We couldn’t let it go by without honoring two very special people, Irwin Stovroff, WWII, Ex-Pow, Founder and President of Vets Helping Heroes, and LT COL Melvin Pollack, US Air Force (ret.), Ex-POW and member of the Board of Directors. It is truly an honor to have you lead the VHH organization and thank you for your sacrifice and service.
On this day many Americans pause to remember our nations service men and women who were prisoners of war (POW), as well as those who are missing in action (MIA), and their families. All military installations fly the National League of Families’ POW/MIA flag, which symbolizes the nation’s remembrance of those who were imprisoned while serving in conflicts and those who remain missing.
Currently there are more than 83,000 Prisoners of War (POW) or Missing In Action (MIA) who are either unaccounted for or still missing. 1,741 American personnel are listed by the Defense Department’s POW/MIA Office as missing and unaccounted for from the Vietnam War. About 90 percent of the 1,741 people still missing were lost in Vietnam or areas of Laos and Cambodia under Vietnam’s wartime control, according to the National League of Families website (cited in the United States Army website).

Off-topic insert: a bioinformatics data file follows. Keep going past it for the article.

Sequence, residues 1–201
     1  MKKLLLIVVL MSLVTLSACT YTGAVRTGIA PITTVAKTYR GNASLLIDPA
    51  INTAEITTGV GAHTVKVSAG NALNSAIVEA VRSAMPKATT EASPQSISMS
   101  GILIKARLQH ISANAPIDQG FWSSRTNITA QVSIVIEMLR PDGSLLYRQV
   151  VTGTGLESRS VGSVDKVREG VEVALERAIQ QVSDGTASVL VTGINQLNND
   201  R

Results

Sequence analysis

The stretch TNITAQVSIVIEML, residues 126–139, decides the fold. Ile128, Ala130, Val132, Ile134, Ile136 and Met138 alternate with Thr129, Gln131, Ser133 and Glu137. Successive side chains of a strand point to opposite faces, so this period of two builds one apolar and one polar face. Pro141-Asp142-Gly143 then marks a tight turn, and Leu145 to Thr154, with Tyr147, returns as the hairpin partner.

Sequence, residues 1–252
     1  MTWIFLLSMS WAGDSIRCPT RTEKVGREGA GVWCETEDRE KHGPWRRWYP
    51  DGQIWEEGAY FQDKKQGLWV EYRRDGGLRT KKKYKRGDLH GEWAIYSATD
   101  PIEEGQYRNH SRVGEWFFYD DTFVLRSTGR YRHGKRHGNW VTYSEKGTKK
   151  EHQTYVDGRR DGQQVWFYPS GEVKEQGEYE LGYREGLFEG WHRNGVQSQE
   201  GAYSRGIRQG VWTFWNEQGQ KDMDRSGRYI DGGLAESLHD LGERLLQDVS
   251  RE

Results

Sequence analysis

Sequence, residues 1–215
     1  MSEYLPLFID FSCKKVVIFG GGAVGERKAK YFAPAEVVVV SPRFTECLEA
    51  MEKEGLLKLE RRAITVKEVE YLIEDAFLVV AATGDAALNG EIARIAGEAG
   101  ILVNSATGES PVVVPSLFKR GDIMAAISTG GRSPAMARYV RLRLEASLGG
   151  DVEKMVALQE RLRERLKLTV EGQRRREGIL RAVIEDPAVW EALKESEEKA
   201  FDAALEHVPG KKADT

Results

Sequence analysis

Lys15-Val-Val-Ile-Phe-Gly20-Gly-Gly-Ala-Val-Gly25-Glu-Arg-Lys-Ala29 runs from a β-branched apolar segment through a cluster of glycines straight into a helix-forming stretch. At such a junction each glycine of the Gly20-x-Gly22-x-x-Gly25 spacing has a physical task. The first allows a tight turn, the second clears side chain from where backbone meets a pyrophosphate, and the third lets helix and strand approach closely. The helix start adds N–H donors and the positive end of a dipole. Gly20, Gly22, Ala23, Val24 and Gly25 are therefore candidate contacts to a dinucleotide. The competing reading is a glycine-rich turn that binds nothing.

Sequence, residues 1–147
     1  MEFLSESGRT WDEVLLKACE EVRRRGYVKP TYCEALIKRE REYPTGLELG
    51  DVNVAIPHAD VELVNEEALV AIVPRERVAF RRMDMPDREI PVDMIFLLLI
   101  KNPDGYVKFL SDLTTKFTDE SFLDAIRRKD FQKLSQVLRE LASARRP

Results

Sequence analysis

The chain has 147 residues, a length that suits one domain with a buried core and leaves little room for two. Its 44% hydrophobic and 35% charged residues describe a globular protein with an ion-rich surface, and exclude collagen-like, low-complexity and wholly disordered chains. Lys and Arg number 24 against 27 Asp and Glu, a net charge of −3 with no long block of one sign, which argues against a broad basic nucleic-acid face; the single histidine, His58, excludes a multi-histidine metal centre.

The POW/MIA flag was designed by Newt Heisley and features a silhouette of a young man who was medically discharged from the military. As Mr. Heisley looked at his returning son’s gaunt features, he imagined what life was for those behind barbed wire fences on foreign shores. The emblem features a white disk bearing in black silhouette the bust of a man (Jeffery Heisley), watch tower with a guard on patrol, and a strand of barbed wire; above the disk are the white letters POW and MIA framing a white 5-pointed star; below the disk is a black and white wreath above the white motto: “You are not Forgotten.” The National POW/MIA Day is recognized on the 3rd Friday of September.
The National League of Families’ POW/MIA flag symbolizes the United States’ resolve to never forget POWs or those who served their country in conflicts and are still missing. We will never forget you!
Article written by: Kathy Genovese, Board of Directors, Vets Helping Heroes